Free Will And The Concept Of A Person Essay

Free Will And The Concept Of A Person Essay

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Free Will and the Concept of a Person

The subject of free will being an actual choice, or being pre-destined has thoroughly been reflected in the minds of philosophers, especially for the purpose of people’s logic. I will argue that both David Hume’s and Harry Frankfurt’s articles on the discussion of free will are cogent, because of compatibilism, in which a human has the ability to have correlation between free will and determinism, as well as, Hume would agree Frankfurt’s concept of second-order violations.
In David Hume’s article, Of Liberty and Necessity he describes, “Not only that the conjunction between motives and voluntary actions is a regular and uniform as that between the cause and effect in any part of nature; but also that this regular conjunction has been universally acknowledged among mankind” (Perry, Fischer, Bratman 410). Hume advocates that the causes and effects of nature correspond with the philosophical perception of free will. Likewise, he explains, “The constant conjunction of objects, and the consequent inference of the mind from one to another, and finding that these two circumstances are universally allowed to have a place in voluntary actions” (Perry, Fischer, Bratman 412). By constant conjunctions, Hume refers to two objects and the relation between them, while inference is the understanding of one object to another, both concepts are necessary in actions of human nature.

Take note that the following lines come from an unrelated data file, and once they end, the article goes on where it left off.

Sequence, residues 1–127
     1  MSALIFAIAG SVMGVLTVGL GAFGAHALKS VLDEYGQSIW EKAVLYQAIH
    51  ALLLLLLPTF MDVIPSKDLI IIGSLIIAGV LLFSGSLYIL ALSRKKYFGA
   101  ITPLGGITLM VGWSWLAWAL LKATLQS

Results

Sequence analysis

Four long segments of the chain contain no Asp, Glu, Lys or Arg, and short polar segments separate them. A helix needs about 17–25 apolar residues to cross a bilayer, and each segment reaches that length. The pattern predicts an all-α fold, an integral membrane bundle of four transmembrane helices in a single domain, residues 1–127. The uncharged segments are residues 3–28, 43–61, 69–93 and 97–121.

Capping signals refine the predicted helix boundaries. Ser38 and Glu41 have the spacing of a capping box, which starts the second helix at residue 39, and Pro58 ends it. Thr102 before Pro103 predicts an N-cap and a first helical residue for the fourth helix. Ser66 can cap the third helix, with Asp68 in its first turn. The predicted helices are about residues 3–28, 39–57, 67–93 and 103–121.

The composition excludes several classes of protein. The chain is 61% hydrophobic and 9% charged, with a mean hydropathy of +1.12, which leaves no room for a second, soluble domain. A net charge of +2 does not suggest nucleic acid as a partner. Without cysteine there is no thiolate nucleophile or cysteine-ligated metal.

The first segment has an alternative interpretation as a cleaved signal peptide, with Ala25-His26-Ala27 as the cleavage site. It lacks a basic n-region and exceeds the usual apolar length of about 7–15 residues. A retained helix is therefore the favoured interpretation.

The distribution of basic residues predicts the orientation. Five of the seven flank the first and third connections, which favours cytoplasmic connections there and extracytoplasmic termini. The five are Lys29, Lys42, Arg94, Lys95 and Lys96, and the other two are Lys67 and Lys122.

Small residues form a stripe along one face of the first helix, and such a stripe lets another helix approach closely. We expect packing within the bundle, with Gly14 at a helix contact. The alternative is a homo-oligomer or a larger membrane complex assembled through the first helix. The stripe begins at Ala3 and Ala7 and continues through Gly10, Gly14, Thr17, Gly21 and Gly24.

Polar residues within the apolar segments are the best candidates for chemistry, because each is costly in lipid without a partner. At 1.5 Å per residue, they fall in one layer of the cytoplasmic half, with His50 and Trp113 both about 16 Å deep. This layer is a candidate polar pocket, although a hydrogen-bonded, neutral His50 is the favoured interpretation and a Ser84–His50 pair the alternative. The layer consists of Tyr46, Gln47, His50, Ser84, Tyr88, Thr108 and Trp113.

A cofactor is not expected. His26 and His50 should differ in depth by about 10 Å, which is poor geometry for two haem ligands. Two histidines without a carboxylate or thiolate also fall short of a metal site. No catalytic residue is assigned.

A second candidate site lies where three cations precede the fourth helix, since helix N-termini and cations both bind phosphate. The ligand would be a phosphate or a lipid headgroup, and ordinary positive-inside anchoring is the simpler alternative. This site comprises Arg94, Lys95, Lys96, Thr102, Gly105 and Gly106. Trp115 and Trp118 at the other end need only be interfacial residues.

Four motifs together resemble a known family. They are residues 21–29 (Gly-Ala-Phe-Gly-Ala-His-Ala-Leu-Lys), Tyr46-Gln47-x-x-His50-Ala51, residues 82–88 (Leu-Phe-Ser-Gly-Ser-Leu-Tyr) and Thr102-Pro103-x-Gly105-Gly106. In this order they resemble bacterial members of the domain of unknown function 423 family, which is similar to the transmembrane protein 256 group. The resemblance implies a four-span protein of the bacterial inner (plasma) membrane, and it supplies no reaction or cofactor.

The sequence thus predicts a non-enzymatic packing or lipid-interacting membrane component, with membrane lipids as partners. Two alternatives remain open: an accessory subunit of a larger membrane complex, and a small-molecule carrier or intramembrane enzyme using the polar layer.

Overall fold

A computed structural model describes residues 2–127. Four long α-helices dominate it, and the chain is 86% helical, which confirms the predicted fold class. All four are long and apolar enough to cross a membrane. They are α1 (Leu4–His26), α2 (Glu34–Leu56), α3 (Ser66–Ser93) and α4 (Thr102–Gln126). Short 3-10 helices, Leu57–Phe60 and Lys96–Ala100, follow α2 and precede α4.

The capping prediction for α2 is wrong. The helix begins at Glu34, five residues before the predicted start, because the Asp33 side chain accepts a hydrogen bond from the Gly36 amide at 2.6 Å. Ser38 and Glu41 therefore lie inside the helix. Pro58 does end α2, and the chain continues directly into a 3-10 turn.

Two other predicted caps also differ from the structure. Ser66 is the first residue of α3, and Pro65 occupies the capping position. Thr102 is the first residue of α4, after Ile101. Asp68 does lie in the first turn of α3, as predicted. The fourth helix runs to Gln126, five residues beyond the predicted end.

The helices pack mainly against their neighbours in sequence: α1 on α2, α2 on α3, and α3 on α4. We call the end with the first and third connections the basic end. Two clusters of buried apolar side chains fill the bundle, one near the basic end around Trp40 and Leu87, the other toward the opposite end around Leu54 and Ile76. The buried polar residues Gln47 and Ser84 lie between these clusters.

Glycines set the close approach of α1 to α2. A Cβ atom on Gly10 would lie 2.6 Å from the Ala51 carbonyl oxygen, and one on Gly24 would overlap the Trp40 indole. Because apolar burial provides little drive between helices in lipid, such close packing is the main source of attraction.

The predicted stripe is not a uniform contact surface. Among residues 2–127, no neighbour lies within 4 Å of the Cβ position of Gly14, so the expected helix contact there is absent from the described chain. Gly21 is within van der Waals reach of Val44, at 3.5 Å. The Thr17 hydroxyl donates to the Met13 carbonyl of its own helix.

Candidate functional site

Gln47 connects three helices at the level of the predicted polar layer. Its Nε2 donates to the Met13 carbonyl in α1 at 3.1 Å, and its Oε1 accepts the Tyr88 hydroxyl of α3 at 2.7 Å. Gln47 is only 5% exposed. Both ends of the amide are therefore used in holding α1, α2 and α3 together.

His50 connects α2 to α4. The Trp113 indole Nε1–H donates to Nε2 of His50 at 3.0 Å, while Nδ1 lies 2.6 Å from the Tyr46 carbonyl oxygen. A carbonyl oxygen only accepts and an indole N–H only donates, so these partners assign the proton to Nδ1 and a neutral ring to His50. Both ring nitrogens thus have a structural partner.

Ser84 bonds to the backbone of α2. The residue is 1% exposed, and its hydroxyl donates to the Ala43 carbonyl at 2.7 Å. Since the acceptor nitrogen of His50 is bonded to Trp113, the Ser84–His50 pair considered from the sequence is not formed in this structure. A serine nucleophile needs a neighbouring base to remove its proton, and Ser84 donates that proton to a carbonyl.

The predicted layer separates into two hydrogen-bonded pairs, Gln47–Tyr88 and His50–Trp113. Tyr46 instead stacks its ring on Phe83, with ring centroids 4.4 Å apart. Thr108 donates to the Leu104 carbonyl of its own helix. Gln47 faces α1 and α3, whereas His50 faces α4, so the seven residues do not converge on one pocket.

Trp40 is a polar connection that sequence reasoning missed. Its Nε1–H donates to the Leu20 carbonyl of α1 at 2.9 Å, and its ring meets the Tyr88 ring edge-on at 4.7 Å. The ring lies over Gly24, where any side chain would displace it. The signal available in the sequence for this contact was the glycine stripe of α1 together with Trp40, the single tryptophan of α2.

Particularly, Hume’s entire article is solely based on liberty, which is referring to free will, as well as, necessity which supports the belief of determinism. Hume deliberately states his anti-libertarian argument, due to the fact that libertarians hold the belief that determinism is false. Initially, Hume defines liberty as, ...

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...hat the only way a second-order violation can occur, is through free and responsible action caused by the agent himself, which is also an object Hume would consider. Lastly, Frankfurt states, “When a person identifies himself decisively with one of his first-order desires, this commitment ‘resounds’ throughout the potentially endless array of higher orders” (Perry, Fischer, Bratman 446). Hume would respond to this in a positive way, on behalf of the belief of each individual having a decision they are free to make on their own actions in both first-order desires, as well as, second-order violations.
Overall, Hume’s and Frankfurt’s visions on compatibilism as a whole, are both legitimate through the explanation that there is no incompatibility between free will and determinism and that there is diversity in the world specifically, because of the act of free will.

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